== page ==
DUNCAN CAMPBELL SCOTT: THE POET AND THE INDIANS (1995)
Duncan Campbell Scott was a poet. He is also the Godfather of Canadian Indian policy. An artist and a bureaucrat, Scott is one of the most intriguing, yet least understood, Canadians of the twentieth century. Known almost exclusively for his literary pursuits, Scott's legacy at the department of Indian Affairs is still the center of a raging national debate about aboriginal rights over half a century after his death. Duncan Campbell Scott: The Poet and The Indians explores the ideology of assimilation through the experience of one of its most important proponents.
Since 1960 when status Indians were accorded the right to vote, Canada has grudgingly and fitfully begun to acknowledge the human rights of aboriginal peoples. There are few, if any, more remarkable reversals of social policy in our history. In the twenty-first century, Canadians are coming to terms with the dreadful legacy of Indian residential schools of which Scott was a principal proponent. Duncan Campbell Scott: The Poet and The Indians also engages the way in which life and art intersect. Scott is perhaps the most severe example of a Canadian type: the clerk/artist. In his case the questions raised become thornier. Some would argue that his literary treatment of the Indians is the most flagrant case of 'appropriation' in our cultural history.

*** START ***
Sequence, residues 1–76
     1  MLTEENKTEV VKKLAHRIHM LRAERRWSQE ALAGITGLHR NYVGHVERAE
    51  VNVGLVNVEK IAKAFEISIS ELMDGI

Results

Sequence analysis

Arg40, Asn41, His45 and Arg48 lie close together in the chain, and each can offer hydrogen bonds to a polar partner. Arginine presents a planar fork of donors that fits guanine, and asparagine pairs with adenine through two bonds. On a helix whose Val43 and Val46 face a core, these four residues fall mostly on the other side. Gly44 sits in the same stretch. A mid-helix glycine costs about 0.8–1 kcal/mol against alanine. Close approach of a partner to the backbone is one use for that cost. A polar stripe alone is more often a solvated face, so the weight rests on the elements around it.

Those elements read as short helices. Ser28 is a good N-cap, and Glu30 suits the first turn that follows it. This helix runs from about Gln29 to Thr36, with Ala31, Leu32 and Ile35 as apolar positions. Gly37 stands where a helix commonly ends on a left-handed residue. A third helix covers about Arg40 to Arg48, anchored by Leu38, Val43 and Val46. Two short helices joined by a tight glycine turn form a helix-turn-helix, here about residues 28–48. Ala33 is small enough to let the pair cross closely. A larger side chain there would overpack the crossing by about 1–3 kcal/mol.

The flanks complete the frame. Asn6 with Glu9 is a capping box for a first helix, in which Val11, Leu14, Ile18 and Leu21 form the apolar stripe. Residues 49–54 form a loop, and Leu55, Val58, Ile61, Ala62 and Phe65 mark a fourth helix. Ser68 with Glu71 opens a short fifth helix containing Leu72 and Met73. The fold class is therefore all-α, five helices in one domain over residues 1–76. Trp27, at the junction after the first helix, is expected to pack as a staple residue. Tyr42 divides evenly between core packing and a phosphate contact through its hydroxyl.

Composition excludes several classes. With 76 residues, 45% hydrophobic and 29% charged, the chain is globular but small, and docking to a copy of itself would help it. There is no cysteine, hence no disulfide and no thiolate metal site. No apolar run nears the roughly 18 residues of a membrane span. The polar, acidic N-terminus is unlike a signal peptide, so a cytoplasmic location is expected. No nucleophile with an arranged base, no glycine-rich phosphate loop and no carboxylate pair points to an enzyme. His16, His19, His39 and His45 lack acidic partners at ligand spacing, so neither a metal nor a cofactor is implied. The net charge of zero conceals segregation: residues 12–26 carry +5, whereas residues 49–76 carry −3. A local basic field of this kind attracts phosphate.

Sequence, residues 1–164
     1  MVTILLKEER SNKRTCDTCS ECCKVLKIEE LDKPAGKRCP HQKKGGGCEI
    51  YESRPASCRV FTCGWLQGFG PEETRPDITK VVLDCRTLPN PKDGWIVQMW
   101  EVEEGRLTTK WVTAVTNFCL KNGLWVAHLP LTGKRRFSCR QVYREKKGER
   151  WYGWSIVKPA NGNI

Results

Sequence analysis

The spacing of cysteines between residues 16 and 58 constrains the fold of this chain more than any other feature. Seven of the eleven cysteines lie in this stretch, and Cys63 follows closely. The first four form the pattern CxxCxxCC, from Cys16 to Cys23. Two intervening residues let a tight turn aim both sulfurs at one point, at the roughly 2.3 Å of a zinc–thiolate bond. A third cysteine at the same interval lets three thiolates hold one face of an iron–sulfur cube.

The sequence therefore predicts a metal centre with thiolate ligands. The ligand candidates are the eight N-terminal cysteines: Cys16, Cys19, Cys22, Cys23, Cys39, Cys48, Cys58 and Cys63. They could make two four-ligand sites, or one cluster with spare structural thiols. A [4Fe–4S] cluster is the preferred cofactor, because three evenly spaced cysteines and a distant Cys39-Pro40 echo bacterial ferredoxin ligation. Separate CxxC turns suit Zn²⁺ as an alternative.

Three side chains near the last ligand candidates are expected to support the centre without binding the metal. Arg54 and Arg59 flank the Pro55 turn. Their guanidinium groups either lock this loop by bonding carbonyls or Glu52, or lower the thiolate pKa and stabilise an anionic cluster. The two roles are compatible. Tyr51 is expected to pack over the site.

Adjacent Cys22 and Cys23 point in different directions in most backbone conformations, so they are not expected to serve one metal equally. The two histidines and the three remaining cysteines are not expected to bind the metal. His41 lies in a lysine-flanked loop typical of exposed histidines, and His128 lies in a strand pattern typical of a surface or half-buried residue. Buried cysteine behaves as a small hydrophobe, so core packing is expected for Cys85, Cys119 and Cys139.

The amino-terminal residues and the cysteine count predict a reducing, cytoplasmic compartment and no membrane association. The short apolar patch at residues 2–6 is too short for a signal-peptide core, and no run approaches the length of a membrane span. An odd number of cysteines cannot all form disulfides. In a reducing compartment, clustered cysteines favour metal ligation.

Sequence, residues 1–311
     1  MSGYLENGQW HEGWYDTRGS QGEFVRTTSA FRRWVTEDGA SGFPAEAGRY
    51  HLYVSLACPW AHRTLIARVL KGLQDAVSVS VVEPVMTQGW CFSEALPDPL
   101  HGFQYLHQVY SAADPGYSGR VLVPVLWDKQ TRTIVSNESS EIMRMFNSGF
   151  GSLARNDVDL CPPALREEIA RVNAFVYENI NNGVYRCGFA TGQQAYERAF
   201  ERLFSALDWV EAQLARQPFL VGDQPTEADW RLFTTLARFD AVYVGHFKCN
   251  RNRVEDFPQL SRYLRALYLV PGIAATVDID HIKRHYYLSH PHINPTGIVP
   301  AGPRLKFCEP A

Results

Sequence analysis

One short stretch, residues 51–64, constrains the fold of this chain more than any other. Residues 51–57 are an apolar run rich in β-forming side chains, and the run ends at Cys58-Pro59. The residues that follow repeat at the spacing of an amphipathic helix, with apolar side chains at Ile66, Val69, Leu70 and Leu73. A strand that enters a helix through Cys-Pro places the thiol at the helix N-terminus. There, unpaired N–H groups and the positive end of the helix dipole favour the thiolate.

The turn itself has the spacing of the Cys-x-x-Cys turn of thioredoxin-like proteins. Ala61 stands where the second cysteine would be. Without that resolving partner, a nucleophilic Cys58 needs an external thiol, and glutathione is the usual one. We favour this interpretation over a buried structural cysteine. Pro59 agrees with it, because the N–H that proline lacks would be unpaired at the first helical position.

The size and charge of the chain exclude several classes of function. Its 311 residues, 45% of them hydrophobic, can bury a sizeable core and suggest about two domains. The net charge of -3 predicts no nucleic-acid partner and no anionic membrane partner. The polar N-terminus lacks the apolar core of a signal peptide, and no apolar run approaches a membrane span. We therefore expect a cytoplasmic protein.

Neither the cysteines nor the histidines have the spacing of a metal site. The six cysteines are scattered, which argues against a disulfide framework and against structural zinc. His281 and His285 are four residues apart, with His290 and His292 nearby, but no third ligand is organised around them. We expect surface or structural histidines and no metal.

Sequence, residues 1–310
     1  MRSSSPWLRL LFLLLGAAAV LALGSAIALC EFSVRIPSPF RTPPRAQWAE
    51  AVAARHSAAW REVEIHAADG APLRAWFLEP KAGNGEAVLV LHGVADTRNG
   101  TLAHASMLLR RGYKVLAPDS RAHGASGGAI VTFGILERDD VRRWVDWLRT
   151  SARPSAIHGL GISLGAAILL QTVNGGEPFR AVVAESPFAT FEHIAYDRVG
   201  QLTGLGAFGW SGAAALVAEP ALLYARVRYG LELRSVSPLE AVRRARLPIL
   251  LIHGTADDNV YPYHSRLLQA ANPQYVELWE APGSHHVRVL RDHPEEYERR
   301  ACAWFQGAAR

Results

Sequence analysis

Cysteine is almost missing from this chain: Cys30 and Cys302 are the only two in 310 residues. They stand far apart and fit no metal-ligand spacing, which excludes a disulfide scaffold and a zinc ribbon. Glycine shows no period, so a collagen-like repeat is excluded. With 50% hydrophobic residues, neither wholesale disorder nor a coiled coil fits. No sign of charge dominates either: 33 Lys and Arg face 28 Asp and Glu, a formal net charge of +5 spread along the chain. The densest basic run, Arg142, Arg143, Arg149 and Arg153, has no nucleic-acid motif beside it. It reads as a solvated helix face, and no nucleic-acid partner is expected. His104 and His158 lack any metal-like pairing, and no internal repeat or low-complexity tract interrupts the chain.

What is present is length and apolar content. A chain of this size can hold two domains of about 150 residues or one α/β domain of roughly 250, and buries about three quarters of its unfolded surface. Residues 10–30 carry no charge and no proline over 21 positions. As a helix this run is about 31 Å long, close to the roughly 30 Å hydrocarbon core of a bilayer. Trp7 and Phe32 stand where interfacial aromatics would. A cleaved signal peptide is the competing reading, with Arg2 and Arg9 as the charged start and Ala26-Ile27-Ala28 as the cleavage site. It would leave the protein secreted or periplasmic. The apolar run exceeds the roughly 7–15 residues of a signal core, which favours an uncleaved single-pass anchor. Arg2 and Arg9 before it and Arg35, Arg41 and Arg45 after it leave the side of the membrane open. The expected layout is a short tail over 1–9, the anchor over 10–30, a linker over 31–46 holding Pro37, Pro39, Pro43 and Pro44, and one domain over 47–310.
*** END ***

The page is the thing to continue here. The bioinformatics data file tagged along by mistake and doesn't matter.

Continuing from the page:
"The gist of the Indian problem is simple... Because Scott implemented government policy, apparently without questioning it, he has suffered the Nuremberg taint of guilt through compliance with unjust orders. Particular charges range from duplicity to genocide. And the reputation of the poetry, wrongly, I think, is sometimes brought down with the reputation of the man."
- Totems: Essays in the Cultural History of Canada by Robert L Mcdougall
Director, Producer, Writer - James Cullingham
Cinematographer - René Sioui Labelle
Editor - Deborah Palloway
Music - David Burt
Producer for NFB - Michael Allder
Duncan Campbell Scott portrayed by R.H. Thomson
A co-production of Tamarack Productions and Ontario Studio of NFB Canada
Produced in association with TVOntario